U.S. stock futures fell Monday morning under concern that the government will be forced to shut down if lawmakers can’t agree on the federal budget and, specifically, the Affordable Care Act. U.S. lawmakers have until midnight to come to some sort of agreement on emergency legislation or 800,000 federal employees will be placed on temporary unpaid leave as of Tuesday, which starts the 2014 fiscal year. Economists estimate that a government shutdown could dampen growth in the fourth quarter by up to 1.4 percent.
Futures at 8:30 a.m.: DJIA: -0.96%, S&P 500: -0.99%, NASDAQ: -0.98%.
Here’s your cheat sheet to what’s buzzing Monday morning.
BP (NYSE:BP) is due to begin the second phase of its trial regarding the 2010 Deepwater Horizon oil spill in the Gulf of Mexico. BP could be facing fines between $2.7 billion and $18 billion depending on how much oil is determined to have leaked from the spill and whether the company is found guilty of gross negligence. According to a report from The New York Times, the government is accusing BP of dumping 4.2 million barrels of oil into the Gulf over 87 days, but BP will argue it was only about 2.45 million barrels. This phase of the trial will also scrutinize whether BP was properly prepared for the spill and whether the company acted quickly enough after the explosion that caused it.
Siemens (NYSE:SI) announced it will cut 7,500 jobs in the next fiscal year as the company undergoes restructuring to increase profitability and catch up to rival General Electric (NYSE:GE). CEO Joe Kaeser has said Siemens will cut 15,000 positions in total as a part of the reorganization, Bloomberg reports. Kaeser is working to regain investor confidence in the company after losses caused by his predecessor Peter Loescher, who lost his position after an announcement earlier this summer that Siemens would not reach its goal to make a profit equal to 12 percent of sales next year.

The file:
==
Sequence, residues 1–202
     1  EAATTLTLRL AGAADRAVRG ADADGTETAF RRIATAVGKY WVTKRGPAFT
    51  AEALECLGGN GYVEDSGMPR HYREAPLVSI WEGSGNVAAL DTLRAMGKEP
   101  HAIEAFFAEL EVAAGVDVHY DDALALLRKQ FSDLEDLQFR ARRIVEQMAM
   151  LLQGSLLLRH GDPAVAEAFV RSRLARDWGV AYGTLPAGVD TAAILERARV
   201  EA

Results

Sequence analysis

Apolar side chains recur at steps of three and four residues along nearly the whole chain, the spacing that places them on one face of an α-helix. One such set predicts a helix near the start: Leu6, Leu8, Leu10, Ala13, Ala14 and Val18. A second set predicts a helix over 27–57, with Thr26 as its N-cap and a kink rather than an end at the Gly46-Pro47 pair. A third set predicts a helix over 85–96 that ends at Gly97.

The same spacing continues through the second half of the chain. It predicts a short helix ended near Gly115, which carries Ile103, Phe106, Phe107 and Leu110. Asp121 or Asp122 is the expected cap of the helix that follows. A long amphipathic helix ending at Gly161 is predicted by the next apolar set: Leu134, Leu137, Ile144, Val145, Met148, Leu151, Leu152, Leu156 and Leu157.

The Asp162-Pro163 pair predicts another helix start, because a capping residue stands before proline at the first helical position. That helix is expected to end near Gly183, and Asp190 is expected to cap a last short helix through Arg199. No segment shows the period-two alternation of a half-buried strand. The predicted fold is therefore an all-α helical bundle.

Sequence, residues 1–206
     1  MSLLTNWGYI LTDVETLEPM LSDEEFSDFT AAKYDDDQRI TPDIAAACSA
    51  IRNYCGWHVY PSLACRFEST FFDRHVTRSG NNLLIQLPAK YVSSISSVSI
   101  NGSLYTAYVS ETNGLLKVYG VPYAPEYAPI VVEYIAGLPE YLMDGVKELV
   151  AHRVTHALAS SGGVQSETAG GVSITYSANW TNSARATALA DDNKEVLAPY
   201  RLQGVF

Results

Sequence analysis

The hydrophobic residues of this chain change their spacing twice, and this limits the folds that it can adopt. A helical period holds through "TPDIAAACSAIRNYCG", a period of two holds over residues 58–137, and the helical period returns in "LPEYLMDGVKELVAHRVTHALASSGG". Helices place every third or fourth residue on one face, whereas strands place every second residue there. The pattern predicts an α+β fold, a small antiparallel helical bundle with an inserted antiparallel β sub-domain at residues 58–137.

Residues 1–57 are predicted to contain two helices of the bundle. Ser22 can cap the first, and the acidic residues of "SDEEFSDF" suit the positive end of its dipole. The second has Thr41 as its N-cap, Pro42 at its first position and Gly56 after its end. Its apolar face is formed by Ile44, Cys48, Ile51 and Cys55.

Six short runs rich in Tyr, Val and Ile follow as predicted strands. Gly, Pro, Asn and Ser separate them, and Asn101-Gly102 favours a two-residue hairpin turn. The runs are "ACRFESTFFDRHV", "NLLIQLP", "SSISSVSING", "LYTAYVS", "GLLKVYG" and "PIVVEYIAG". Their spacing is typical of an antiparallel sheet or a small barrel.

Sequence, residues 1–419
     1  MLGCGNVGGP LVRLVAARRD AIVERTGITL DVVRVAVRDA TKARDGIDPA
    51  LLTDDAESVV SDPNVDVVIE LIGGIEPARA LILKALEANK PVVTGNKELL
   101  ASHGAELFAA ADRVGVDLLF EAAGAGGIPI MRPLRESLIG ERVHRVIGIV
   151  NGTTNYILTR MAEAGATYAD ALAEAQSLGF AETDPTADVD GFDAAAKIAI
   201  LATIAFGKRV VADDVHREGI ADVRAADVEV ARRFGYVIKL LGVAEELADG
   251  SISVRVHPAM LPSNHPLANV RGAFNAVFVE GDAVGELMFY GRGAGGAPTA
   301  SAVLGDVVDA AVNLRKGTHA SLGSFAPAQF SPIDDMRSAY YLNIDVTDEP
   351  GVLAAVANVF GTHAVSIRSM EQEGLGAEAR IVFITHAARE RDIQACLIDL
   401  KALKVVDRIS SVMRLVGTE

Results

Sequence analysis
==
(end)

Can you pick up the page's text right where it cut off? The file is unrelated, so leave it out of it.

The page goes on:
Twitter’s IPO filing will become public in the next few days, Quartz reported, but the highly anticipated initial public offering could be delayed by the impending government shutdown over the budget. Twitter announced that it made a confidential filing earlier this month, and after the filing is made public, the company can begin trading within 21 days according to U.S. regulations. Some have speculated that the company’s goal is to begin trading by Thanksgiving, but the government shutdown could delay those plans. For now, it’s also unsure whether the Nasdaq or the New York Stock Exchange will land the company.
Boeing (NYSE:BA) is facing more concerns over its 787 Dreamliner. Polish airline LOT was forced to land a 787 in Iceland on Sunday because of an “air identification system fault,” Reuters reports. LOT has faced several difficulties with its Boeing 787s, including two flights that were delayed last week when it was found that the craft lacked gas filters. Norwegian airline Norwegian Air Shuttle also took one of its Dreamliners out of service over the weekend and has asked Boeing to repair the craft after it suffered repeated breakdowns. LOT is demanding compensation from Boeing over losses caused by the 787′s mechanical issues.
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